SC: “Reservation is Not at Odds with Merit”

January 20, The Supreme Court ratified the constitutional validity of 27% reservation for Other Backward Classes (OBC) candidates in the All India Quota seats for the National Eligibility­cum Entrance Test (NEET) for undergraduate and postgraduate medical and dental courses stating the ingrained inequalities and distribution of opportunities to learn and resources.

The development came in the light of petitions filed by doctors in August 2021 and numerous protests against a July 29, 2021, notification issued by the Directorate General of Health Services of the Ministry of Health implementing 27% and 10% reservation for OBC and Economically Weaker Sections (EWS).

A bench of Justices D.Y. Chandrachud and A.S. Bopanna said “Merit cannot be reduced to narrow definitions of performance in an open competitive examination which only provides formal equality of opportunity… High scores in an exam are not a proxy for merit. Merit should be socially contextualized and reconceptualized as an instrument that advances social goods like equality. In such a context, reservation is not at odds with merit, If open examinations present equality of opportunity to candidates to compete, reservations ensure that the opportunities are distributed in such a way that backward classes are equally able to benefit from such opportunities which typically evade them because of structural barriers. This is the only manner in which merit can be a democratizing force that equalizes inherited disadvantages and privileges. Otherwise, claims of individual merit are nothing but tools of obscuring inheritances that underlie achievements,”

Justice D.Y. Chandrachud while stating the importance of balancing opportunities among the less privileged and those with multiple privileges mentioned “The privileges that accrue to forward classes are not limited to having access to quality schooling and access to tutorials and coaching centers to prepare for a competitive examination but also includes their social networks and cultural capital that they inherit from their family.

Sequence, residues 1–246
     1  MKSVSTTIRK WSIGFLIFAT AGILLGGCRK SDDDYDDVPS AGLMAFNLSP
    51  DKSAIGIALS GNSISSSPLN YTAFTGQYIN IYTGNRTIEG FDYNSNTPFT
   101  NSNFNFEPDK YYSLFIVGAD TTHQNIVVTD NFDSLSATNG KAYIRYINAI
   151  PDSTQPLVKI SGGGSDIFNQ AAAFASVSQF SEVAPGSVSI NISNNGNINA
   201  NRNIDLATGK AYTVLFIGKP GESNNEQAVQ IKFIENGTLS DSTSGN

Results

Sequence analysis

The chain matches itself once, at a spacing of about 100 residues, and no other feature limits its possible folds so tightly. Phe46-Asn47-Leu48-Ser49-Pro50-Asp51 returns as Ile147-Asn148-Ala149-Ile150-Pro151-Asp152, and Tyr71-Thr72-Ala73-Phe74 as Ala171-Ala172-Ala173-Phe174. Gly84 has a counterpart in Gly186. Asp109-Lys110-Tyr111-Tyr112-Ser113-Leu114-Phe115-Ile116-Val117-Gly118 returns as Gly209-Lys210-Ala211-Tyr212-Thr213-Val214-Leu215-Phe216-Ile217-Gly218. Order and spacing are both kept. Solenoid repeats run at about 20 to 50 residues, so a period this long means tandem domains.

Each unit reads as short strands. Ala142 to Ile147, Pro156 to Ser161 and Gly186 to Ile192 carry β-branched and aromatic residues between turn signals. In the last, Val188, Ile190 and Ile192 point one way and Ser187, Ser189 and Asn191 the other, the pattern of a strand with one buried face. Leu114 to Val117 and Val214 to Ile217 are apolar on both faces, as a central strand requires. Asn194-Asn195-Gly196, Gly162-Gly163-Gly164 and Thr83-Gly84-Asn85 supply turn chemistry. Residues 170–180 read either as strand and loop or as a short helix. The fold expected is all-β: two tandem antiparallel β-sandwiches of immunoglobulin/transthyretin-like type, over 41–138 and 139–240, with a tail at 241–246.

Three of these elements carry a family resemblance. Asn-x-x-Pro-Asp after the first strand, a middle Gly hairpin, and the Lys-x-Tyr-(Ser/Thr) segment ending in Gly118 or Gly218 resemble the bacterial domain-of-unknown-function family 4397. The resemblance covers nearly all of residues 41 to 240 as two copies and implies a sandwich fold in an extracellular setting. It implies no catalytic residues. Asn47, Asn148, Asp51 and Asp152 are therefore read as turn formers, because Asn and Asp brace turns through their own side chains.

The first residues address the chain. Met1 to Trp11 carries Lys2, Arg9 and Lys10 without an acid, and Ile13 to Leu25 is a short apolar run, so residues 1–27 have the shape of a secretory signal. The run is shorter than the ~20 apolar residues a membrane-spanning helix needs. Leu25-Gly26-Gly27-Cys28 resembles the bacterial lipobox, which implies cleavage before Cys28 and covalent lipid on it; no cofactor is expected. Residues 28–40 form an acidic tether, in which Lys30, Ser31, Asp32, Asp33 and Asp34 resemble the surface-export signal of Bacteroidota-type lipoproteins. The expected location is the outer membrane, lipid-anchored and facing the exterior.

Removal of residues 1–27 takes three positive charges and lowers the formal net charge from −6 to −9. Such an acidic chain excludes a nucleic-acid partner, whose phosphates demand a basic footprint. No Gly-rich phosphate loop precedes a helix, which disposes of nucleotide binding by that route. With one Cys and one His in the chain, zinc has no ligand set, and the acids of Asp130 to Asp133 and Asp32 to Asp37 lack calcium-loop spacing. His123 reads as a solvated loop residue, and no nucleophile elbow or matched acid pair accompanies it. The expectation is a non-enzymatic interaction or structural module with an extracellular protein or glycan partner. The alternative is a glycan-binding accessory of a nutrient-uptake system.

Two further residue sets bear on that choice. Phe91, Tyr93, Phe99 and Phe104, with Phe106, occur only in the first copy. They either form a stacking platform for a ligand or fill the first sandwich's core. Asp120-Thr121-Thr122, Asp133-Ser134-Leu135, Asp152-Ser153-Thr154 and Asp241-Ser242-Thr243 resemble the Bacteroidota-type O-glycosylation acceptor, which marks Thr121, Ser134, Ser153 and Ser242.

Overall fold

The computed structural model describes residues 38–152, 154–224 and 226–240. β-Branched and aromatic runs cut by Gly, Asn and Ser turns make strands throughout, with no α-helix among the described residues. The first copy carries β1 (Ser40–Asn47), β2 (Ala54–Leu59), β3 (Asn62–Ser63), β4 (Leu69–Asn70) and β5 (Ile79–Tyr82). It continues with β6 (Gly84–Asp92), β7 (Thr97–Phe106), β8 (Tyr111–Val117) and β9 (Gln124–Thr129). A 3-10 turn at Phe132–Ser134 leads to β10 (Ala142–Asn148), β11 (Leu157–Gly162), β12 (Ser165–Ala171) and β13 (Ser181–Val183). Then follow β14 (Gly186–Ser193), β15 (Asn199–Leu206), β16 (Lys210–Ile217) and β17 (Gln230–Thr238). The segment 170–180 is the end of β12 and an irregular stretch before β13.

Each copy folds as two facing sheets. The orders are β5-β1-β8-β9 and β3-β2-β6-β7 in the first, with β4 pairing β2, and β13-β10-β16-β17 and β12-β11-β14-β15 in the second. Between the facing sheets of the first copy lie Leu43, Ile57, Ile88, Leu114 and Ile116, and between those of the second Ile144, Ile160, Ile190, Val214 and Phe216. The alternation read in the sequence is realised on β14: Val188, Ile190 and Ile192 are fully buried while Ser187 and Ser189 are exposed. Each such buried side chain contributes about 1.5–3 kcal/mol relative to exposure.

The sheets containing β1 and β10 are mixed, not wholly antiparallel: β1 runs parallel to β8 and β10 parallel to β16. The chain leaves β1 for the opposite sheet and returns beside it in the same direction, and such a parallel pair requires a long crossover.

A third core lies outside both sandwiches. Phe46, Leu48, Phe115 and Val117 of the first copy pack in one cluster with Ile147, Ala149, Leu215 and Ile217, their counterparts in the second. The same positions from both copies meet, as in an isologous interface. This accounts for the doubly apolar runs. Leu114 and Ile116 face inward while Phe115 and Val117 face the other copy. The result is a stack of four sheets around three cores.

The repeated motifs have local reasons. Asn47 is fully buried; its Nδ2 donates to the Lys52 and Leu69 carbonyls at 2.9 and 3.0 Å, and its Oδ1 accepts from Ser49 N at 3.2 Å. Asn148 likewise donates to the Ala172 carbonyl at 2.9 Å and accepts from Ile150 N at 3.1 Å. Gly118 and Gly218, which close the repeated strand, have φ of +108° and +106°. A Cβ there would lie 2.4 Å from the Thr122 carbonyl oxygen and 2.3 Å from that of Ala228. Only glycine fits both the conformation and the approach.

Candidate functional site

The rhetoric surrounding merit obscures the way in which family, schooling, fortune, and a gift of talents that the society currently values aids in one’s advancement. Thus, the exclusionary standard of merit serves to denigrate the dignity of those who face barriers in their advancement which are not of their own making.

While examinations are a necessary and convenient method of distributing educational opportunities, marks may not always be the best gauge of individual merit. If a high­ scoring candidate does not use their talent to perform good actions, it would be difficult to call them meritorious merely because they scored high marks.

The power of the government to provide reservations under Article 15 (4)and (5) of the Constitution is not an “exception” to Article 15 (1), which enshrines the mandate that “the State shall not discriminate against any citizen on grounds only of religion, race, caste, sex, place of birth or any of them” he explained.

The Court said an open competitive exam only ensures formal equality and does not end widespread ingrained inequalities in the availability of, and access to, educational facilities to certain classes of people, including the OBC.

The Court Concluded that the fortitude and resilience required to uplift oneself from conditions of deprivation are equally
reflective of an individual caliber and merit.


The Hindu

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The Indian Express

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